It is either Parkinson’s disease, at quite a young age – or he is an alcoholic. Twice now he has dropped something and his hand quivers desperately when holding a piece of paper. He is charmless, speaking with the officious, indifferent, slightly malicious intonation of a B-list public schoolmaster. But he’s not one of those who can impress the schoolboys. His intimidating aspect never melts into a reassuring or inspiring charisma, it just lets off a bit in proportion to your cold deference. He has never smiled and no one around him does.
He can’t have been successful, to be where he is now.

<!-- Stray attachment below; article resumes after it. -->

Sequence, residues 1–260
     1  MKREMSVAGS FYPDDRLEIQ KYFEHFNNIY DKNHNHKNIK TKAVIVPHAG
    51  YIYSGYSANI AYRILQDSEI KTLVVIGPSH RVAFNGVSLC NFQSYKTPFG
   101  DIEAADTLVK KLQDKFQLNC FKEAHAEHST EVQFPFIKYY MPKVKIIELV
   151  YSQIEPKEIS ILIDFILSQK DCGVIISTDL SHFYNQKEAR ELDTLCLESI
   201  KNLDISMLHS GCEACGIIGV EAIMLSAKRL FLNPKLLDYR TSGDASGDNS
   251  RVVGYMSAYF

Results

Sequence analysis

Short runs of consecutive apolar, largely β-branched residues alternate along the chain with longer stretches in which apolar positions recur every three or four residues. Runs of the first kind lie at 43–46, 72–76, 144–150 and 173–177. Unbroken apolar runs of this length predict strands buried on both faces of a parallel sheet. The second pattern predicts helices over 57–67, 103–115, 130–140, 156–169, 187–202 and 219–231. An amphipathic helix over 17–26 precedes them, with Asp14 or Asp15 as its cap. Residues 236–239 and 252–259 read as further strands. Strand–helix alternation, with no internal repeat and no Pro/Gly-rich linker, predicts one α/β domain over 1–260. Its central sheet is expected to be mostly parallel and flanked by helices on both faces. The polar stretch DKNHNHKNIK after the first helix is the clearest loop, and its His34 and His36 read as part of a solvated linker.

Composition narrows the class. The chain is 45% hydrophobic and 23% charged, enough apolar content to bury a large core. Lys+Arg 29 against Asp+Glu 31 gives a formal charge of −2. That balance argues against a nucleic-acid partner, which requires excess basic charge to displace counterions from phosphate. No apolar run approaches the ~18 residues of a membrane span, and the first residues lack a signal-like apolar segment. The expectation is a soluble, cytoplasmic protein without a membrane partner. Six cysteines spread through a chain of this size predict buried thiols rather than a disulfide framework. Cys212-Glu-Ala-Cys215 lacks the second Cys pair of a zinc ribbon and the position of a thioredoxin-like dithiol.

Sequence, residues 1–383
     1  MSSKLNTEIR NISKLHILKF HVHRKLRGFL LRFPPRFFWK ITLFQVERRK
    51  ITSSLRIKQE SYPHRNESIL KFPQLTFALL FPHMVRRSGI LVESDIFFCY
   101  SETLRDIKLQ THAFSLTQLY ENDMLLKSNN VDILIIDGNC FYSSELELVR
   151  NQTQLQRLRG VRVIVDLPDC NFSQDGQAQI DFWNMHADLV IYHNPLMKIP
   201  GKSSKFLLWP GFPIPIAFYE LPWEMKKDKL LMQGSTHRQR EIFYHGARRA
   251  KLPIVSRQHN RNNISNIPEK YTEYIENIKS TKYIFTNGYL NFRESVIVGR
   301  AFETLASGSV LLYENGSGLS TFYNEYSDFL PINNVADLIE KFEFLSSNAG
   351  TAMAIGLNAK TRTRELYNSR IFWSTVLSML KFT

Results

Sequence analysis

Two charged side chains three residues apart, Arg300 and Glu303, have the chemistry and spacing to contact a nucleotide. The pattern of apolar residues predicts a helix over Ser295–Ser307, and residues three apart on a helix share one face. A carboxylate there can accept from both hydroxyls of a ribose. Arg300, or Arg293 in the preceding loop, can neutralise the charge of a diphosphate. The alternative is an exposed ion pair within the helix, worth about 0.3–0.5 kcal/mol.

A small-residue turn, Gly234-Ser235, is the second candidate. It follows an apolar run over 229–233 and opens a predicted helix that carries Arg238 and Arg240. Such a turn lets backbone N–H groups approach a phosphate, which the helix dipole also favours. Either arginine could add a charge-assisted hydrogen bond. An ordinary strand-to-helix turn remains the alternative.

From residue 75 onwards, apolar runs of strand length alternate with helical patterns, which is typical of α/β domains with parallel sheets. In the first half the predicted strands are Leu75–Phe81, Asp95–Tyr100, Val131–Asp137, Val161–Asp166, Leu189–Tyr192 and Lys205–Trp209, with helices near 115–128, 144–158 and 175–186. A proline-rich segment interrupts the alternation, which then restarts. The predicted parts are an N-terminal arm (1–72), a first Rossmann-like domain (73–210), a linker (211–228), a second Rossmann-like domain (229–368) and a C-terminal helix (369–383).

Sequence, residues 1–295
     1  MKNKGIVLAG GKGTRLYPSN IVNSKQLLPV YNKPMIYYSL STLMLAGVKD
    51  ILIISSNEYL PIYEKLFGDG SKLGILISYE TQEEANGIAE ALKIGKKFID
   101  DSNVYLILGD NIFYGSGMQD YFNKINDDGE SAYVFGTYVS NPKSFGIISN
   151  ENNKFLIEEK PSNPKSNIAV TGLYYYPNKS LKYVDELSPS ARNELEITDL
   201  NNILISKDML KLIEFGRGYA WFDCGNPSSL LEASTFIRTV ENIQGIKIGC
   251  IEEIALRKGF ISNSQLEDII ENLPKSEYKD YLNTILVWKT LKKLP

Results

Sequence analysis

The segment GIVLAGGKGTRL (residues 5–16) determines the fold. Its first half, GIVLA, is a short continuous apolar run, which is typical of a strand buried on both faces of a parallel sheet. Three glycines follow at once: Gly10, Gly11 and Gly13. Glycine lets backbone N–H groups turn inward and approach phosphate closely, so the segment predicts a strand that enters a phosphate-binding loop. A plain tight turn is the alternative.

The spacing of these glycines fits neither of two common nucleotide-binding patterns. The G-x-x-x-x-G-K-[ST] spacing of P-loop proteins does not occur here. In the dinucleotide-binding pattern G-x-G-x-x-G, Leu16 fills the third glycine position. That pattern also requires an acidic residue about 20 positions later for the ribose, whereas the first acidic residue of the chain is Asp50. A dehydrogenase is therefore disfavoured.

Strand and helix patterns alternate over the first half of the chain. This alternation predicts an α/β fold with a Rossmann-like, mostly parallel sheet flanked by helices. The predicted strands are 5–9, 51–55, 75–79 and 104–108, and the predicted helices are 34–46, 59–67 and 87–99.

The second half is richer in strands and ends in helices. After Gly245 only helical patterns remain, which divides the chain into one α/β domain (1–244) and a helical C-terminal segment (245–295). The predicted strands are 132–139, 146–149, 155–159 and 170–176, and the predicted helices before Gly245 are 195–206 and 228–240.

The liturgy is delivered slow, chilly, the only warmth a crack or cough; the sermon is short, not mercifully but depressingly; he handles the chalice and even the host without surety and tenderness. The spectacle is that of a weak, cold, small man pacing alone and unhappily around his shabby-carpeted altar space like a decrepit lion his old cage in winter.
There can be no reason for it except that his survival depends upon it. (Why can’t he be retired for Parkinson’s?) He is not begging pennies for a Tennant’s Super on a park bench. Belligerence and faith are intertwined. This man survives solely for the praise and glory of God’s name, for our good and for the good of all his Church.
Who else would?